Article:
Date of Degree Completion
Master of Arts (MA)
Second Committee Member
Charles X. Li
Third Committee Member
This study identified the patterns that represent the unconventional ways that students used how in academic essays, determined the frequency of each pattern, and for the sake of comparison, searched for those patterns in the Corpus of Contemporary American English (COCA), in both the spoken and academic written registers. The results showed that a sample of first-year students at Central Washington University (CWU) used the complementizer how as that in their essays, a usage more common in spoken registers. However, there was some evidence of how as that in academic COCA searches, showing that the usage may be in the early stages of becoming acceptable by academic standards. Additionally, students misused how semantically in some sentences and misused how both semantically and syntactically in others. Finally, students also used how to mean the fact/opinion that. Students may have used how in these different ways because separating academic and spoken register conventions is difficult, because they lack an understanding of verb and prepositional complement patterns, or because they used synonyms provided by a thesaurus without realizing that the synonyms required different complement patterns.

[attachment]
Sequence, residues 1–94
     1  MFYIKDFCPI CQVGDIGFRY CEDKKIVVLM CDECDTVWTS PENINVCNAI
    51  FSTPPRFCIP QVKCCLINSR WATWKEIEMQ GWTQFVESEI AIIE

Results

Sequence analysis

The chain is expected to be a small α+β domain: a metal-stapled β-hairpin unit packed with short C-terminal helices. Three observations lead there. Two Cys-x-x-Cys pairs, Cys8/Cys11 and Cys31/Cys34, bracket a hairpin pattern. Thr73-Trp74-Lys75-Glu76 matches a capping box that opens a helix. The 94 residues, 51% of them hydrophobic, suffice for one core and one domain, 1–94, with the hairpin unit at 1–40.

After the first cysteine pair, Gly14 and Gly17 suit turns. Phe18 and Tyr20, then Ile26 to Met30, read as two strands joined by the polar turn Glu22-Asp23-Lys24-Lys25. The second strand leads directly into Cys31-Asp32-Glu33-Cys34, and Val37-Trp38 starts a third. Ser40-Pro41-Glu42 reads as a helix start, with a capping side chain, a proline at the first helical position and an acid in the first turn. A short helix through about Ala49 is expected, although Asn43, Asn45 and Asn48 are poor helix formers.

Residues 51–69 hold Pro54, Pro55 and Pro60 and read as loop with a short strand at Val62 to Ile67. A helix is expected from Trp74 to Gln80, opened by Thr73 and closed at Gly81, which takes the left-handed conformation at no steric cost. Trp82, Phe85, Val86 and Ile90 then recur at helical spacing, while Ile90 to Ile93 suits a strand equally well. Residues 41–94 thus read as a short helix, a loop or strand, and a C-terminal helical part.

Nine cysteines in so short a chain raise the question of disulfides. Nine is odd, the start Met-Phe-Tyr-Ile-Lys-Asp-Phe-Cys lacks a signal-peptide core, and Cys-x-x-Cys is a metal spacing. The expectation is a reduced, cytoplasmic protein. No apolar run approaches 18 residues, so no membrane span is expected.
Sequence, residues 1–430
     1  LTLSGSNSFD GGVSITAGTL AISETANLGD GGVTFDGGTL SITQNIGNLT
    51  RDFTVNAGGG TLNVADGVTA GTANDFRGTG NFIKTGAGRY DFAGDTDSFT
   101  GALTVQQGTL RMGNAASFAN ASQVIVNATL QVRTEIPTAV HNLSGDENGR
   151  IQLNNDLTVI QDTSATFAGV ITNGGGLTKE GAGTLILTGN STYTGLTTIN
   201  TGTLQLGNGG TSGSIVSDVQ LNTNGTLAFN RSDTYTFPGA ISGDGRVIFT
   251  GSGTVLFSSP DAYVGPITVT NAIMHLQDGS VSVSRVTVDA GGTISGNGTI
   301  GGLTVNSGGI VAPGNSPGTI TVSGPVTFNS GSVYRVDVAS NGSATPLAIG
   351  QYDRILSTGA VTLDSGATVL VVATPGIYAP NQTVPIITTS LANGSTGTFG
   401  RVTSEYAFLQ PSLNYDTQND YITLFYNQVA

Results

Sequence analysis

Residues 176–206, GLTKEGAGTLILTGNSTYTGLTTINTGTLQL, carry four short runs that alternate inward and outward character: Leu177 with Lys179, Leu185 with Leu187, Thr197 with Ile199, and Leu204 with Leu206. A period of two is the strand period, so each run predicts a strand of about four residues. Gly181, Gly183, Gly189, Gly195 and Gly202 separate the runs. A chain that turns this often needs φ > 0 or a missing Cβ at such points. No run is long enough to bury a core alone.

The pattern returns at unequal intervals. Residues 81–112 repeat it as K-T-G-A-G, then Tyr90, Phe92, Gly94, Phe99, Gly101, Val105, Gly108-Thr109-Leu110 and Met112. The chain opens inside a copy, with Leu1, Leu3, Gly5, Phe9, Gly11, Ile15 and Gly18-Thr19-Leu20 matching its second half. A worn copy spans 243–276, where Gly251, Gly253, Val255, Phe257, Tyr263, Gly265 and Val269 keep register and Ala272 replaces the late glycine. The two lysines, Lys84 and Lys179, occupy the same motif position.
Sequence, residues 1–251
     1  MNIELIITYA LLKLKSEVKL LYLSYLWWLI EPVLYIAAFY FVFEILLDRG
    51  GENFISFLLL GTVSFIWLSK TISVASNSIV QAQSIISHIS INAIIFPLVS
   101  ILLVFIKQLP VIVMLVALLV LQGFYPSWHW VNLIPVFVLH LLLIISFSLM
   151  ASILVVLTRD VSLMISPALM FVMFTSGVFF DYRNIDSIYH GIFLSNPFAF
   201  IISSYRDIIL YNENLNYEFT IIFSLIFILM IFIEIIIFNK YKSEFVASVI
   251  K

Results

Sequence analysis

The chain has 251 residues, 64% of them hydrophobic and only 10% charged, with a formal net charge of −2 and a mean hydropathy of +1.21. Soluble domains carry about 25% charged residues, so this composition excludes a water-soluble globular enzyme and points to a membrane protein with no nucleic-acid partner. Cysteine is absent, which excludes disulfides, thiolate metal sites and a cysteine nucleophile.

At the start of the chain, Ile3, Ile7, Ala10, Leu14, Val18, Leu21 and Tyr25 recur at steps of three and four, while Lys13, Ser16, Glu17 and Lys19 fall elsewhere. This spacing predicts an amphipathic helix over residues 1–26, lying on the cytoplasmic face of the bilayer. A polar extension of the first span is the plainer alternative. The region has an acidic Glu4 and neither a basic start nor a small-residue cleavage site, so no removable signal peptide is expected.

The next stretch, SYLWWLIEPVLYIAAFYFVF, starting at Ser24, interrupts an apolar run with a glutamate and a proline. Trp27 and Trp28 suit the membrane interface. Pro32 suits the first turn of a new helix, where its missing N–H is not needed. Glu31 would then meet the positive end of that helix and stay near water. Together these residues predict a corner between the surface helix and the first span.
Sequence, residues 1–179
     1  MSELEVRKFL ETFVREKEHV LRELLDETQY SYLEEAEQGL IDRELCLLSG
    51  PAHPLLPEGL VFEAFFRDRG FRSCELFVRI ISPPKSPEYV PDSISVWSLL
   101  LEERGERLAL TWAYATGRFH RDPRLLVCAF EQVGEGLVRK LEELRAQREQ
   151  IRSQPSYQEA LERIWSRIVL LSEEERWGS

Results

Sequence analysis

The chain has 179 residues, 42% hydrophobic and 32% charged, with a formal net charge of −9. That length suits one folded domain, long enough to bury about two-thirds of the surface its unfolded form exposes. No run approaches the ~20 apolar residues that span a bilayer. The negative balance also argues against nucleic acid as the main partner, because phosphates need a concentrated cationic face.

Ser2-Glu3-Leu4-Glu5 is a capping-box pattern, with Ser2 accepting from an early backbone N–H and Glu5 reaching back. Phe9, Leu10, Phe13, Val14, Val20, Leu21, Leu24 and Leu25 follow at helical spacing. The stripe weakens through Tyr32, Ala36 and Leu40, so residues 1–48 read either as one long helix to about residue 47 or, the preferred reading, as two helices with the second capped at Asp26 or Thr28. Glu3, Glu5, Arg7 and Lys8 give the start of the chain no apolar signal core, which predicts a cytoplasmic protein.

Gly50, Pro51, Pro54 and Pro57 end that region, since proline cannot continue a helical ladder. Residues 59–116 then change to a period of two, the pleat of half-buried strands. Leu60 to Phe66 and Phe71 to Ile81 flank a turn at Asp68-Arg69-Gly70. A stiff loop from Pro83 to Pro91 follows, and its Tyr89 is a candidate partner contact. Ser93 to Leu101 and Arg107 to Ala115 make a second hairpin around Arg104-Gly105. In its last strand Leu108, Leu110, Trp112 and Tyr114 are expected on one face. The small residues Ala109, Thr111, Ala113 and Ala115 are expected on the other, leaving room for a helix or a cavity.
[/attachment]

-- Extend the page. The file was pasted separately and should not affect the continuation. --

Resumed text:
Jonas, Maili, "Talking About How: Variation in the Use of HOW and Its Definition" (2018). All Master's Theses. 877.
Adult and Continuing Education and Teaching Commons, Bilingual, Multilingual, and Multicultural Education Commons, Language and Literacy Education Commons, Other Rhetoric and Composition Commons